AML - Classification
There are different types of leukemia, depending on the type of WBC they arise from and on the stages that these cells pass through as they mature.
Acute myeloid leukemia (AML), is also known as Acute Myelogenous Leukemia or Acute Myeloblastic Leukemia. AML is characterized by high levels of abnormal myelocytes or granulocytes that will never fully mature. In a healthy individual, the myeloblast is a precursor cell that gradually develops into a myelocyte, which is a type of WBC. These myeloblasts accumulate genetic mutations that prevents maturation and promotes uncontrolled division. The accumulation of these cells tend to affect the production of normal cells. If left untreated, AML could be fatal within a span of a few months.
AML is categorized as a diverse and heterogenous group of diseases based on the fact that leukemic transformations can occur anywhere along the differentiation pathway. Modern classification for AML acknowledge that the characteristics and behavior of the leukemic cell depends largely on the stage at which differentiation was stopped.
1. WHO classification
The World Health Organisation (WHO) classification of AML is clinically useful and produces more information that is relevant to prognosis.
- AML with characteristic genetic abnormalities: such as translocations between chromosome 8 and 21 [t(8;21], translocations between chromosome 15 and 17 [t(15;17)] and inversions involving chromosome 16 [inv(16)]. Patients belonging to this subtype have a high rate of remission and a better prognosis compared to the other subtypes.
- AML with multilineage dysplasia: This category includes patients who suffer from Myelodysplastic Syndrome (MDS) or Myeloproliferative Diseases (MPD) before eventually developing AML. This subtype occurs mostly in older patients and has a poor prognosis.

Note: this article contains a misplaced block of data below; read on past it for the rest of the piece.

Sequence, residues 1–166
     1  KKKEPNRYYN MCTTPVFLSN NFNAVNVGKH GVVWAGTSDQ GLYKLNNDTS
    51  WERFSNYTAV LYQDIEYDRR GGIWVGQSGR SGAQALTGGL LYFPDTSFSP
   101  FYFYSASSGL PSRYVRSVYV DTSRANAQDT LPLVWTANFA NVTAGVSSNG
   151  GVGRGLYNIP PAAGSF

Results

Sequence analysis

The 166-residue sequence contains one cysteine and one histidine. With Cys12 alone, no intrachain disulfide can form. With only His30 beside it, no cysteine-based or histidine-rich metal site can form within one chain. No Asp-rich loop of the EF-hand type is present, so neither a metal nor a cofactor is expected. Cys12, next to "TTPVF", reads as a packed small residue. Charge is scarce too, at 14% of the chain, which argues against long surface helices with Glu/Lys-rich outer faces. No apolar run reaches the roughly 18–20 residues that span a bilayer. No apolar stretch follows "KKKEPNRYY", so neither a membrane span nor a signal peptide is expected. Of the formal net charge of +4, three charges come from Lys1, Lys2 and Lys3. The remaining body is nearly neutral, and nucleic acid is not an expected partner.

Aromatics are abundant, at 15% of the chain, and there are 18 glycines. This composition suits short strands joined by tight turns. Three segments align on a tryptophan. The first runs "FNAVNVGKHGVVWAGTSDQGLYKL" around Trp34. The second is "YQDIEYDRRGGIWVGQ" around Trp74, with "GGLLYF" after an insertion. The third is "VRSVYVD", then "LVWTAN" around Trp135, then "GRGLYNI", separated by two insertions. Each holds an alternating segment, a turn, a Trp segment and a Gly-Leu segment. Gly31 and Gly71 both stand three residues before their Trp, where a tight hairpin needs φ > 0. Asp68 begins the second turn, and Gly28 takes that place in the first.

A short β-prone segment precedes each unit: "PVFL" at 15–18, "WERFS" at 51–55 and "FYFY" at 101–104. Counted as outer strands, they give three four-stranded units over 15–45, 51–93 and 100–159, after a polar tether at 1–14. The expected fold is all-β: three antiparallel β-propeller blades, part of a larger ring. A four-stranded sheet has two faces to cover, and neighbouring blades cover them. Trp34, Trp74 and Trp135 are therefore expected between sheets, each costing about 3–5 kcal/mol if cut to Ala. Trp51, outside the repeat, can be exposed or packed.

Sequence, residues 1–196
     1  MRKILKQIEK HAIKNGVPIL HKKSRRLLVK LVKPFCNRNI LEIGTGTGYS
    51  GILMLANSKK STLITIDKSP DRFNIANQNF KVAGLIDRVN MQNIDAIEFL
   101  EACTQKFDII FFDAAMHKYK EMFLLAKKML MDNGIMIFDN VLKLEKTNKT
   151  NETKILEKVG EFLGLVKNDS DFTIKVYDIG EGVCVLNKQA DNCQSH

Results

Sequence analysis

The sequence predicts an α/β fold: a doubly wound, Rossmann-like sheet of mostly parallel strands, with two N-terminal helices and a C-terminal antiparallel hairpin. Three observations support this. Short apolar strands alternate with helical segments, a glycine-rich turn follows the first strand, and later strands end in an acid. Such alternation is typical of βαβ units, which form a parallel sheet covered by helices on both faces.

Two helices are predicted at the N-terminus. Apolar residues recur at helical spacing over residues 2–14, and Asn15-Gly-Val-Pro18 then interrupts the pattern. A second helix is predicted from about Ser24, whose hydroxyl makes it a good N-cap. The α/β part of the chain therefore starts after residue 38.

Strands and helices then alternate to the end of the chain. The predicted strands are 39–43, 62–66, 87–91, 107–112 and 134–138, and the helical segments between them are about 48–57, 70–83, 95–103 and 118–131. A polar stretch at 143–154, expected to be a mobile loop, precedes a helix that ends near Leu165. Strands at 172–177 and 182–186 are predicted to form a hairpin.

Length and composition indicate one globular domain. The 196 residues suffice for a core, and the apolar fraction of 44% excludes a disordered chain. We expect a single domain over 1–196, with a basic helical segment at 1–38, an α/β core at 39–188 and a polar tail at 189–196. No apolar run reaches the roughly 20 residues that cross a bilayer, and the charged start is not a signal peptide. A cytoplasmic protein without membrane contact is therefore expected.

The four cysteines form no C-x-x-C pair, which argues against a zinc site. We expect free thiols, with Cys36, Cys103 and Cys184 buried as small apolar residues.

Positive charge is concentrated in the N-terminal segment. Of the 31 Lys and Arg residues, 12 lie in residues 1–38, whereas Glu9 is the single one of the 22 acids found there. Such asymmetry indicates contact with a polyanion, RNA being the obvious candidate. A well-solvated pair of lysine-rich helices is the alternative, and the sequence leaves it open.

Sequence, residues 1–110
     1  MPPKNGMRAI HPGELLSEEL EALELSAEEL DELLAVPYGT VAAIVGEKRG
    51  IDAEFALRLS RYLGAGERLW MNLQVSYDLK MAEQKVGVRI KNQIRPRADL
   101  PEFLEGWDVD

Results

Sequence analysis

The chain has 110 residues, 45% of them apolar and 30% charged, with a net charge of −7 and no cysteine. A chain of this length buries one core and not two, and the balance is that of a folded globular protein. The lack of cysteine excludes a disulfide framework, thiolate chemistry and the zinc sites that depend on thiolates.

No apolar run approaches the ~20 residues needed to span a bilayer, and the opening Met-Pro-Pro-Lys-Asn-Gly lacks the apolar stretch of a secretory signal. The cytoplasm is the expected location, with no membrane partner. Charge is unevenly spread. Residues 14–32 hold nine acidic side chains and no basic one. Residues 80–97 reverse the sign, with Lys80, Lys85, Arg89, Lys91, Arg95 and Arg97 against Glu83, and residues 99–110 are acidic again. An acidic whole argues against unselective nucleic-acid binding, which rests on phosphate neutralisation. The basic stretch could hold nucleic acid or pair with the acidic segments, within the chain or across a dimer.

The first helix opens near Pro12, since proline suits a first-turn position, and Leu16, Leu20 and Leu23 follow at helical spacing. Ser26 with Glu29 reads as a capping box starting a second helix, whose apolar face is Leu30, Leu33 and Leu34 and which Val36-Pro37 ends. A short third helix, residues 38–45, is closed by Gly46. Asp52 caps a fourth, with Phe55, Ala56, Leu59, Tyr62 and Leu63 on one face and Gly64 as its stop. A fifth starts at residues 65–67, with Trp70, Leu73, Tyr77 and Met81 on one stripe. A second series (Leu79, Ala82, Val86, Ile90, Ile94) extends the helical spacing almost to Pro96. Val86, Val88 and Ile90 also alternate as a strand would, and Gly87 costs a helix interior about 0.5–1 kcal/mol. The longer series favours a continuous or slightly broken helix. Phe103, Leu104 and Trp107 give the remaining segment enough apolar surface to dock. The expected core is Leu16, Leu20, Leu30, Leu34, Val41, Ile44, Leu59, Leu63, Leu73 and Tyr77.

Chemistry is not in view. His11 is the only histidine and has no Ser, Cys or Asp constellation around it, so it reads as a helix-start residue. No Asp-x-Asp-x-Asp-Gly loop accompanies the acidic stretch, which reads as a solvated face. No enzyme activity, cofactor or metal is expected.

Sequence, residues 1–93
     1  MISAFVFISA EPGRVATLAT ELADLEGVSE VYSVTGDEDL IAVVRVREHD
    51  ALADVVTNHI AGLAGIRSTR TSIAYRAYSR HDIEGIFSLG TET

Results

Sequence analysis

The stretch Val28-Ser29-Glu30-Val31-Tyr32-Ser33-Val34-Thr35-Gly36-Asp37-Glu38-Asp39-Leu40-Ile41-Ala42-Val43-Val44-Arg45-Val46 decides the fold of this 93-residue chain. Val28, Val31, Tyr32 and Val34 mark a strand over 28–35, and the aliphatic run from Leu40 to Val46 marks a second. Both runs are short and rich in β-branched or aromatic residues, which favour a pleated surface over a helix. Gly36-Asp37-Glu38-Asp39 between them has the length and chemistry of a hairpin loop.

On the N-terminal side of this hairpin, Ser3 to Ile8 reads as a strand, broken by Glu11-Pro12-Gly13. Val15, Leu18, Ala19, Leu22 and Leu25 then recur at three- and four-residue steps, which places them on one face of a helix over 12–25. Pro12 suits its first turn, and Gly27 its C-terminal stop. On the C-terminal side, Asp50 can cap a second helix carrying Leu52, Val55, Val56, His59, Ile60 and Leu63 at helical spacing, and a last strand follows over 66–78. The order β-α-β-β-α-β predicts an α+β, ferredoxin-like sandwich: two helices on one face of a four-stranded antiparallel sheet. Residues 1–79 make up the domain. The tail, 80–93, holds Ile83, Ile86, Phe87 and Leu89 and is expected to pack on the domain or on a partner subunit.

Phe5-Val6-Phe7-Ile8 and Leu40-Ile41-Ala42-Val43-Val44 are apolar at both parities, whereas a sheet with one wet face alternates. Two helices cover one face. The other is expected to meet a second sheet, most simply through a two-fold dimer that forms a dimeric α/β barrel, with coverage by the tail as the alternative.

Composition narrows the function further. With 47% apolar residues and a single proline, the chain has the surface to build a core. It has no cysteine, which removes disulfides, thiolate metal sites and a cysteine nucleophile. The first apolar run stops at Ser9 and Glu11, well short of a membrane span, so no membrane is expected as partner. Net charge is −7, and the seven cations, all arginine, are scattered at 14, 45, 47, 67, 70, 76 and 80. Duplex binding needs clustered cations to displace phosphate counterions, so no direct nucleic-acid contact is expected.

- AML and MDS, therapy-related: This category includes patients who have been subjected to chemotherapy and/or radiation and who subsequently develop AML or MDS. These leukemias are often characterized by specific chromosomal abnormalities, and are associated with poor prognosis.
- AML- not otherwise categorized:This category includes subtypes of AML that do not fall into the above categories.
- Acute leukemias of ambiguous lineage: Acute leukemias of ambiguous lineage (also known as mixed phenotype acute leukemia) are a subtype of Acute Leukemia where the leukemic cells can not be identified as either myeloid or lymphoid cells, or where both types of cells are present.
2. FAB classification
MO Acute myeloid leukaemia with very little evidence of myeloid differentiation
M1 Acute myeloblastic leukaemia without maturation
M2 Acute myeloblastic leukaemia with maturation
M3 Acute promyelocytic leukaemia (APL)
M4 Acute myelomonocytic leukaemia
M5 Acute monocytic/ monoblastic leukaemia
M6 Acute erythroleukaemia
M7 Acute megakaryoblastic leukaemia
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